The Australian Workers’ Union will fight any attempt by the construction industry to slash hours of work and penalty rates under the guise of the COVID-19 pandemic.
The AWU has warned every construction worker in the country could be affected by the far-sweeping changes being proposed by a consortium of industry leaders.
In what is an extremely disappointing move away from the cooperative spirit seen during the coronavirus crisis, the Master Builders Australia, the Australian Industry Group and the Housing Industry Association are attempting to allow employers to dramatically reduce working hours, lower Saturday penalty rates and cut back casual shifts to a minimum of just two hours.
The proposed changes to industry awards would stay in place until the end of the year and could be seized upon by employers to seek permanent changes.
Daniel Walton, National Secretary of the AWU, said: “The AWU worked tirelessly to protect construction jobs across Australian during the COVID-19 pandemic by keeping our industry open. We will not sit back and let big business decimate the safety net conditions of hundreds of thousands of hard-working Australians.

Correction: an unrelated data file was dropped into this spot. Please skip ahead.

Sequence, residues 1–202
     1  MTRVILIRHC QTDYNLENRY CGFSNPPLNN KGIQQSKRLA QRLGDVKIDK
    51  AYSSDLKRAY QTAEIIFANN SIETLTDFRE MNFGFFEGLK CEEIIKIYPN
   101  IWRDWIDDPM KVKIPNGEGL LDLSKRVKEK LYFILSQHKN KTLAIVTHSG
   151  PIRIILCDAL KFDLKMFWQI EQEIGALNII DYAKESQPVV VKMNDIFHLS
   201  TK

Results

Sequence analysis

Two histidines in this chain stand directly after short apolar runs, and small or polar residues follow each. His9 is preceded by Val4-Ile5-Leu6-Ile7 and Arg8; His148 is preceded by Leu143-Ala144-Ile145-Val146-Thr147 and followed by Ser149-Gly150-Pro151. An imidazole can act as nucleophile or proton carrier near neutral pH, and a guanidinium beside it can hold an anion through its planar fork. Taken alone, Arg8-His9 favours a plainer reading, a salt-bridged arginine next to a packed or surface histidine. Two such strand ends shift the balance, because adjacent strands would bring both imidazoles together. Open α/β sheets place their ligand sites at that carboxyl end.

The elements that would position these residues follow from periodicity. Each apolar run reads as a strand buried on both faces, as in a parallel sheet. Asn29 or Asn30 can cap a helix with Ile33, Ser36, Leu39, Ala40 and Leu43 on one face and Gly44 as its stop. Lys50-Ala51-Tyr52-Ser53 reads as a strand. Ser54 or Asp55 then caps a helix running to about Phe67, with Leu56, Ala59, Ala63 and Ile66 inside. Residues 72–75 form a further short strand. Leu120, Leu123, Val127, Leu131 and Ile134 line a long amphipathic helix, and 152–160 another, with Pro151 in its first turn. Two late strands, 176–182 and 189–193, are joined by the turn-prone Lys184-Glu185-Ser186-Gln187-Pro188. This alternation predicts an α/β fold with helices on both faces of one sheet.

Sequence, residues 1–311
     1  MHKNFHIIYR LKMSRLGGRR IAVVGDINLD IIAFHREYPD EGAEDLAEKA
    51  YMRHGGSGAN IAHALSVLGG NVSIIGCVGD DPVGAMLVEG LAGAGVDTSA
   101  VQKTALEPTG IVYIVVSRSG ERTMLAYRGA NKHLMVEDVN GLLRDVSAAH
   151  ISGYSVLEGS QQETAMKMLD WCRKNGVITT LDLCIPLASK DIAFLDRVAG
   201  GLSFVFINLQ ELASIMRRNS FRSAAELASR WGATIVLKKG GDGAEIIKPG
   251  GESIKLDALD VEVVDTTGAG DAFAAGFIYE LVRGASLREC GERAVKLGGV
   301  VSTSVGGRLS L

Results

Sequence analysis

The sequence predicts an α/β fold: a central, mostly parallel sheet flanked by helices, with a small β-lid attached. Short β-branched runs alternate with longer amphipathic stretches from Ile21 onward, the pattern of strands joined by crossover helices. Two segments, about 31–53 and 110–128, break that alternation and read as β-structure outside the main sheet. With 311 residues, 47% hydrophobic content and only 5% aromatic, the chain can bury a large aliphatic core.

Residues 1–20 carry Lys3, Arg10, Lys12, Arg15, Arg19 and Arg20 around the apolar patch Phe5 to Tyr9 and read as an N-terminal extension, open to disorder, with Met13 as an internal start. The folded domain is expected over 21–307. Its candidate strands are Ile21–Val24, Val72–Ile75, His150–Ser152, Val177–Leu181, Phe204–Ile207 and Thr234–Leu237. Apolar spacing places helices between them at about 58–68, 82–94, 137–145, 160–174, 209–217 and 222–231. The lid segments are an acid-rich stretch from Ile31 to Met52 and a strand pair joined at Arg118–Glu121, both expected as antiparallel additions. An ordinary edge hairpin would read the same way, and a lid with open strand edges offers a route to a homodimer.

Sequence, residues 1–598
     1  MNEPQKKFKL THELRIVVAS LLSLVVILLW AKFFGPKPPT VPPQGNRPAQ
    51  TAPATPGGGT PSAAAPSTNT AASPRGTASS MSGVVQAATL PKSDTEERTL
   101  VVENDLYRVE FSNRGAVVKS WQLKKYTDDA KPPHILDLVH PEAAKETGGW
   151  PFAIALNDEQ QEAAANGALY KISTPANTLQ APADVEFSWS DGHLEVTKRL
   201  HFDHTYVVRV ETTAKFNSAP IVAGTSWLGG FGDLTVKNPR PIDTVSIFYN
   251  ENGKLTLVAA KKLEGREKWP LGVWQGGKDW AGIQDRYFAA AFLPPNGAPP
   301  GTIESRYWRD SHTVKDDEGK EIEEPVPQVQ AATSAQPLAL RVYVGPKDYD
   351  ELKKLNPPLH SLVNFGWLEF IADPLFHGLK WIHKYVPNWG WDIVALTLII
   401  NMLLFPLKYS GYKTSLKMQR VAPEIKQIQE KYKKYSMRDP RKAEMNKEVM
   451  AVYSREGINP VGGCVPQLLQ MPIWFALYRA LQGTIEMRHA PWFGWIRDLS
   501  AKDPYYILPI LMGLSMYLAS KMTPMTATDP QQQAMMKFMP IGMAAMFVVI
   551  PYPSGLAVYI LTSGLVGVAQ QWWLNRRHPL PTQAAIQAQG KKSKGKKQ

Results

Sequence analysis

“These are difficult times for the construction industry but there is no justification for these far reaching changes which could easily outlast the pandemic. It’s nothing more than a cynical attempt to take advantage of the COVID-19 crisis. Australian workers will see this opportunistic grab for conditions for what it is.”
The AWU and the Master Builders Australia worked together to save the construction industry from closing down by lobbying for workers to be deemed essential.
Now the MBA and other employers are attempting to push through radical changes to the safety net for the whole construction industry, including allowing employers to unilaterally reduce hours of work, the extension of ordinary working hours to include Saturdays from 6am to 2pm, and casual shift minimums could drop to two hours from four hour. Workers can also be directed to take annual leave until they are left with a balance of just two weeks.
Remarkably, the changes would provide employers who are not eligible to participate in the JobKeeper scheme – because they have not suffered the required 30% or 50% revenue reduction – with more flexibility than employers who have suffered significant reductions in business activity The changes would also apply until 31 December 2020 whereas the JobKeeper FW Act changes end on 28 September 2020.
Mr Walton added: “There have already been significant concessions to employers all over Australia because of the COVID-19 pandemic. Union members acted in good faith due to the unprecedented nature of this crisis and it’s hugely disappointing to see the spirit of co-operation disappear so quickly.
“Our members who work on our roads, tunnels, bridges and key infrastructure projects, will prove pivotal in rebuilding Australia and we should be rewarding them, not penalising them at this time.”
The matter will be heard before the FWC on July 8th and July 9th.